At Upton Marina everyone moored or hauled their boats out to be welcomed by the Mayor of Upton, Cllr Pete Webb, and Upton RC Captain, Steve Cox. They then enjoyed a buffet lunch at the Wheelhouse. The Solent galley crews were relieved to find that beer was available after the lack of riverside pubs since Worcester. It wasn’t long before the crews were keen to get back on the water, including Sheila and Judi who had decided that fixed seat rowing was easier than they had expected, though hard on the arms, and Solent galleys were great boats. After lunch I handed my seat over to Andrew and re-joined the Tour Makers.
After about an hour of rowing, the tourers reached Mythe Bridge where they were treated to tea and a mountain of cakes by AB Severn RC. Another short row took them to Upper Lode lock where they were able to lock down in three groups. A wider more exposed stretch of choppy water greeted them as they approached the end of the leg at Lower Lode, Tewkesbury. The boats were hauled out for the night at Cheltenham College BC and the coaches returned them to Puckrup for dinner with the mayor of Tewkesbury, Mike Dean, and his wife.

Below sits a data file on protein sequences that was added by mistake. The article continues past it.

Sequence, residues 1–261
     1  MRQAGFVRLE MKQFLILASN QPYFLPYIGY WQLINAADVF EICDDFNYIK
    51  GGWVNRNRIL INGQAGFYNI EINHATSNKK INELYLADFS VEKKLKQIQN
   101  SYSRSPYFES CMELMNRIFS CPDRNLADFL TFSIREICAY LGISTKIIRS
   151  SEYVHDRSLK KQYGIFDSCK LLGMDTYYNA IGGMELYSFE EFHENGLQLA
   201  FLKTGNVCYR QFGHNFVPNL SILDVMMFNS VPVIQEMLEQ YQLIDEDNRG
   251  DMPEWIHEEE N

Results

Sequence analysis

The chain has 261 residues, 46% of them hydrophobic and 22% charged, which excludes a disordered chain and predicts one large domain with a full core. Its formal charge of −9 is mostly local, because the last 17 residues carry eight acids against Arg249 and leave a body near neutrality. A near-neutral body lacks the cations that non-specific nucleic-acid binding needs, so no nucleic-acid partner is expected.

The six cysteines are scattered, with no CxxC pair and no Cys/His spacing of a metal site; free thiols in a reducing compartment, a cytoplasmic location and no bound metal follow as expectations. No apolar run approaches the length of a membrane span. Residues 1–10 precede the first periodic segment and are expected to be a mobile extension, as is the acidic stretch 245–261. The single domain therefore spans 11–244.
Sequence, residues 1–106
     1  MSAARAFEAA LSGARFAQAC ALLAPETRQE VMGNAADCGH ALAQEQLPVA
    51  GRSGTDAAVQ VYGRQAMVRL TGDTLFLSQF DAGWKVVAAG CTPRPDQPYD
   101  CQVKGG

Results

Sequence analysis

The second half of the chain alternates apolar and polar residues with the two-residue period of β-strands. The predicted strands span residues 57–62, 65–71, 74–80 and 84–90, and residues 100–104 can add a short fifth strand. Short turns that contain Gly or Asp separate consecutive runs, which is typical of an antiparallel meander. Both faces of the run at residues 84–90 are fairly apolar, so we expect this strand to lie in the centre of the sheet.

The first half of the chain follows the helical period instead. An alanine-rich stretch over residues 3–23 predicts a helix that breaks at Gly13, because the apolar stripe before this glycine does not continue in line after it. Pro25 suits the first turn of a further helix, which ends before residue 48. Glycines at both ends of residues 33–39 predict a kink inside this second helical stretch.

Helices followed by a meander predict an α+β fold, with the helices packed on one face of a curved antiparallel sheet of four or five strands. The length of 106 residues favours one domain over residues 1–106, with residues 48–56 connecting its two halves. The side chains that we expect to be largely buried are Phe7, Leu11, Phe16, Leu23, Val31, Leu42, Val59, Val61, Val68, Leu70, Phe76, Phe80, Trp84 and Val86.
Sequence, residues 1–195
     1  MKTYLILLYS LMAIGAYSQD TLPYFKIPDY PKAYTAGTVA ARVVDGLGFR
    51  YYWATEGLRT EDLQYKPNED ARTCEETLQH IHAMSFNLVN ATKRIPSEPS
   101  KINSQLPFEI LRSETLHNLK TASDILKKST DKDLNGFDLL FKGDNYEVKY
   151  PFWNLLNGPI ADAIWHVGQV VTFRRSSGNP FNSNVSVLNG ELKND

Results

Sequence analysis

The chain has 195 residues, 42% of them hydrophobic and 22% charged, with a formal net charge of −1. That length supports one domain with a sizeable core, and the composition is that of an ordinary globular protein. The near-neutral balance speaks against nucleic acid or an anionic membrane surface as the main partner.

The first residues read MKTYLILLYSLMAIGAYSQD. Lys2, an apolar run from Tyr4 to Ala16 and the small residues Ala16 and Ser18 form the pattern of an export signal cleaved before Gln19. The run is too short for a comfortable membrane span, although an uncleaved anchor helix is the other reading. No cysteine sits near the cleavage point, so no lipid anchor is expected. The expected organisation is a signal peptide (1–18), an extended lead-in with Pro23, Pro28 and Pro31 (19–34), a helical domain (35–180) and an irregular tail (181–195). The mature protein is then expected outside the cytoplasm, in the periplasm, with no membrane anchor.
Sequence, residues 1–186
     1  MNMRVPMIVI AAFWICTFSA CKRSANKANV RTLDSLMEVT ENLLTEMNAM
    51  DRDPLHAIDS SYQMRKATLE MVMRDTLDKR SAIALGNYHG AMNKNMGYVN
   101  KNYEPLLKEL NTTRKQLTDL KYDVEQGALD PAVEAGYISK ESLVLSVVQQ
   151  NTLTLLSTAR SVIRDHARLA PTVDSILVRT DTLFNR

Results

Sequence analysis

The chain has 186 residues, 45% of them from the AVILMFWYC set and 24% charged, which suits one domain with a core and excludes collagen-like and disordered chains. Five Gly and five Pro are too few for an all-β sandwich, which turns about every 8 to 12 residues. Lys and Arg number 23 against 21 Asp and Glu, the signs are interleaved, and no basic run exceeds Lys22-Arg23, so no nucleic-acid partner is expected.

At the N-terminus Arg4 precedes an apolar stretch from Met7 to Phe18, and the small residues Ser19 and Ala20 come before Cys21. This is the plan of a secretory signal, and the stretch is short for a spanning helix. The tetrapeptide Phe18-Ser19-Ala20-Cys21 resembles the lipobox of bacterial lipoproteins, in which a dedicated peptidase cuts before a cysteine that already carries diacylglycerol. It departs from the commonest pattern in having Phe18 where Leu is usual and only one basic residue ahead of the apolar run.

On a cloudy but dry Saturday morning the tourers returned to Lower Lode. The wide concrete ramp at Cheltenham College BC made launching straightforward and a steady stream of boats headed off around the bend to Deerhurst, Apperley and Wainlode.
The Tour Makers headed to the East Channel outside Gloucester Lock to rig ropes for holding boats in the strong tidal stream expected around high tide. After a long delay from the MV Edward Elgar monopolising the East Channel and causing northbound narrow boats and cruisers to queue for Gloucester Lock, the tour was finally given clearance to row down to the lock. As they arrived and grabbed onto the throw ropes, there were some concerned conversations. “Was that a plastic bag we just passed or a body floating in the river?” “I thought it was a body.” The message was passed to the leading MISAR safety launch and they took off to investigate. They soon returned with a confused soul who had decided it was a good idea to go for a swim in the river. MISAR handed her over to the police and the care of the ambulance service.